How to collaborate in FL Studio [2021 guide]

Evelyn Trainor-Fogleman

10/19/21

Whether you love it or hate it, remote audio work is here to stay, which means so many music production teams have to adjust to new workflows. So many teams have very comfortably gathered in the studio to listen to tracks and edit together, and unfortunately, that’s slowly becoming less and less the norm.


While remote work has its benefits, such as the freedom to choose where you live and work and more opportunities to collaborate with global talent, it has presented a lot of unique hurdles to creative teams who aren’t used to working so far apart. 


Thankfully, new tools are regularly being released to help remote creative teams work better together.


We’ve compiled our favorite tools that complement audio production workflows like FL Studio and allow you to start to recreate that magic of gathering together over the mixing board but from the comfort of your home or office, without having to try to stream everything over Zoom. 

Does FL Studio offer a native collaboration feature?

Unfortunately, FL Studio does not provide any native collaboration tools or features. However, it does work quite well with a whole host of other collaborative tools available for creative teams. 


The most important thing to keep in mind when choosing collaboration tools or plugins is to find one that “gets out of the way” of your creative process. 


This means selecting intelligently designed tools that are as intuitive as possible and allow as much free-flowing communication between team members while also offering powerful co-working tools. 


We’ve compiled some of our favorite collaboration tools that work in tandem with FL Studio to give you the most seamless remote collaboration experience possible. 

Tools that can help your team collaborate in FL Studio


Tool #1: Evercast


Evercast is a platform built explicitly for creative teams that need to stream professional editing tools (like FL Studio) while live-chatting with their team. 

It was built by creatives, for creatives, built to recreate the feel of an in-studio mixing session as closely as possible.  


Pros:

  • Ultra-low latency (less than 150ms on average) means that you’ll be able to chat and note-take in as close to real-time as possible
  • Timestamped notes help you to accurately pinpoint areas where feedback is being applied (no more hunting down the “thing” your co-collaborator was talking about)
  • The platform allows for simultaneous video chatting, text chatting/note taking, and workstation streaming, all under one clean interface
  • No additional software is required for participants who are just joining a meeting; they simply need to follow a link to join

Cons:

  • Requires some setup time and configuration for editors who want to stream their workstations (this is just a one-time setup)
  • A bit more expensive than other tools


Tool #2: Frame.io

Frame.io is a fantastic platform that you can custom-fit to your workflow to allow you to share, annotate, and manage all of your media throughout a project. 

It functions primarily as a feedback and approval platform when paired with FL Studio, which is great for when you need a streamlined way to get notes back from both internal collaborators and external clients on their schedules. 


Pros:

  • Integrates with tons of other programs like Slack and Gmail to make organizing everything and everyone on your project easy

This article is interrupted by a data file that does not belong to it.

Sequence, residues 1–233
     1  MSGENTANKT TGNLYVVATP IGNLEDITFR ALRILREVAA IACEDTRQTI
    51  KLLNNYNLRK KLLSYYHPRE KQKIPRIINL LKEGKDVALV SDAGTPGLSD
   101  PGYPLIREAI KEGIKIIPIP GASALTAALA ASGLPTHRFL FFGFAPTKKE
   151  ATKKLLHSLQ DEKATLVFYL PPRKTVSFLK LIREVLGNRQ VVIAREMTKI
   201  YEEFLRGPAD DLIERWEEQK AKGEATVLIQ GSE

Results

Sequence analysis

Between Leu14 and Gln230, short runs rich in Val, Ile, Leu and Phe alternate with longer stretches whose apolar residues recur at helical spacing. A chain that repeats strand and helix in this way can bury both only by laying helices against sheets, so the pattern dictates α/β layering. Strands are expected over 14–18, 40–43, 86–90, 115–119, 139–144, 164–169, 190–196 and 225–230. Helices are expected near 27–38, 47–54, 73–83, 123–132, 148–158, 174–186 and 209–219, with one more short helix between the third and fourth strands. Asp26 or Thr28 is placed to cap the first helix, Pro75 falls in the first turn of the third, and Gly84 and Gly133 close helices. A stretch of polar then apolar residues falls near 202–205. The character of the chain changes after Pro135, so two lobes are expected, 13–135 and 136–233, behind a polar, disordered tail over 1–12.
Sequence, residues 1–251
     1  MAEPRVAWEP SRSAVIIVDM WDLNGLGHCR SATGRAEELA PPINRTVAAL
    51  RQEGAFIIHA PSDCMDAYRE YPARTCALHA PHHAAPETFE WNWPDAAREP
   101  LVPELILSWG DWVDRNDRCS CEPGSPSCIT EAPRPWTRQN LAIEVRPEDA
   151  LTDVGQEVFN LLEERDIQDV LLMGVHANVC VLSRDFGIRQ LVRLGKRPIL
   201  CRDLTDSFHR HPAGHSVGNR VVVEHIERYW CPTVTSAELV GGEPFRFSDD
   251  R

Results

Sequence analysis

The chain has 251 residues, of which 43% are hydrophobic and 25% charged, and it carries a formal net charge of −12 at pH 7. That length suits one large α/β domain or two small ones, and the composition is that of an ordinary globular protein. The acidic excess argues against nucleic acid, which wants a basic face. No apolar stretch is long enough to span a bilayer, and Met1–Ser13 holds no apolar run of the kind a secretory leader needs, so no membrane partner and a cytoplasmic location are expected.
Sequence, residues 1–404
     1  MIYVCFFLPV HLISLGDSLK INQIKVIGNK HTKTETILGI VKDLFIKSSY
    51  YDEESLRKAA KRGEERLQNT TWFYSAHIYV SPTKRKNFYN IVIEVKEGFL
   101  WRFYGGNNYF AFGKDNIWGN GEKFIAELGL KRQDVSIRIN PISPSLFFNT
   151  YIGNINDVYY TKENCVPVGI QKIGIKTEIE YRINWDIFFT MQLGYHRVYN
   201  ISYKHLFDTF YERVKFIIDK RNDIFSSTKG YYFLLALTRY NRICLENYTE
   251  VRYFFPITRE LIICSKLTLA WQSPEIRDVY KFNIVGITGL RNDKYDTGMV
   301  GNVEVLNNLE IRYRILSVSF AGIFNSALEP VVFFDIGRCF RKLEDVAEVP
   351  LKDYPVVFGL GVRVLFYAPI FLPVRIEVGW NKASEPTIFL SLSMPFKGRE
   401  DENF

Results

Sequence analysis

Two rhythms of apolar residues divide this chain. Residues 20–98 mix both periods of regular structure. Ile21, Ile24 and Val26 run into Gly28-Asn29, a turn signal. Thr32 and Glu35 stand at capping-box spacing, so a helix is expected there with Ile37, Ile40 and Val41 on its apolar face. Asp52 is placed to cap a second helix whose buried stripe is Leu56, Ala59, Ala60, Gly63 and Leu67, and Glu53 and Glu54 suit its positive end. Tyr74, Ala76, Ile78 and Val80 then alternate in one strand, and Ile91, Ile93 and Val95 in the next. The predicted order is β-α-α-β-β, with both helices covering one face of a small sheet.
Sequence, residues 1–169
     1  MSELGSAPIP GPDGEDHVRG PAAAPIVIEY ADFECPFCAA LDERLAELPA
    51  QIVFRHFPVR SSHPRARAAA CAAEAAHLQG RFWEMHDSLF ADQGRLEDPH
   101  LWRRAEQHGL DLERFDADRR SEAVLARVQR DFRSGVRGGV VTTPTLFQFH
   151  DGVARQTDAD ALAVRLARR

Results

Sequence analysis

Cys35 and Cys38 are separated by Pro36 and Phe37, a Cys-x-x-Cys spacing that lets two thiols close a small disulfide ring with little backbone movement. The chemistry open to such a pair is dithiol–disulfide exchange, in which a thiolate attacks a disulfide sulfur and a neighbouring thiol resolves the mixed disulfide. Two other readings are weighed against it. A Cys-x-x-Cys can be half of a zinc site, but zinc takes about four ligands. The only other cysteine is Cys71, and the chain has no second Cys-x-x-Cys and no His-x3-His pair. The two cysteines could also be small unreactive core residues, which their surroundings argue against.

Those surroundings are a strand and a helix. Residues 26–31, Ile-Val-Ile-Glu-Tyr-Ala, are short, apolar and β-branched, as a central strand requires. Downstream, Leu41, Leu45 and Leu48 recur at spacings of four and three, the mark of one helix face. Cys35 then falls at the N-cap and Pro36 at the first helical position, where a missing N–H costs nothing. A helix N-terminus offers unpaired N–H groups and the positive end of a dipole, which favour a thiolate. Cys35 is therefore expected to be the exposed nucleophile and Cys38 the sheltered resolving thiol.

• Timecode-stamped comments make it easy to pinpoint areas to work on
  • Simple approvals
  • Version tracking so you can track changes


Cons:

  • No face-to-face feedback features
  • All files must be uploaded to the platform to make comments and notes, no in-platform integration for FL Studio


Tool #3: Satellite Sessions


Satellite Sessions breaks down the barriers preventing remote collaboration between audio production teams, most notably by getting rid of cross-compatibility barriers. 


Satellite Sessions works with the most popular DAWs and allows for live collaboration even if you’re using FL Studio to build beats while your mixer is putting everything together in Pro Tools. 


    Pros:

  • It works with all DAW’s and is Mac and Windows compatible
  • Automatically backs up all data to the cloud
  • It works as a plugin, so it integrates seamlessly with your FL Studio project

    Cons:

  • It doesn’t allow for simultaneous recording
  • No built-in chat features
  • It has a somewhat complex setup process


Tool #4: Amuse


So we’ve talked about collaborating during the editing process, but what about the final step after editing? The release of a new song is an exciting moment and one that you should be able to share with your co-collaborators. 


Amuse is a music publishing platform that allows you to release new music to multiple platforms simultaneously. With their Pro membership, you can add all your team members to your profile so you can collaborate on the release together. 


Honestly, if you’re regularly releasing songs using FL Studio, this is a fantastic tool to have in your back pocket that will help your music get heard. 


Pros:

  • Allows you to simultaneously publish to multiple streaming platforms like Spotify, Apple Music, and others. 
  • Allows to you easily and automatically split royalties between team members
  • The platform allows you to keep 100% of the royalties
  • Includes pre-save support for Spotify

Cons:

  • It doesn’t directly integrate with FL Studio, so you’ll have to master and export your track before uploading it to the platform
  • Doesn’t include in-platform communication tools. 


Great teams make great music

The one thing we want to highlight yet again is that when you’re looking for collaboration software, ensure that the tools you’re using are simple, intuitive, and designed to help communication instead of hinder it. 


The best creative work is done when people can freely share ideas, and music is one of the ultimate collaborative mediums. So you want your collaboration tools to prioritize that personal connection and design features that allow people to communicate in whatever way they feel is best. Enhance your production workflow and help everyone on your team do their best work.

Evelyn Trainor-Fogleman

Website
Evelyn Trainor-Fogleman is a writer based in New York City. After over half a decade in the film industry, she came back to her Journalism roots to write for a variety of media outlets about subjects including technology, business, marketing, and social and environmental justice.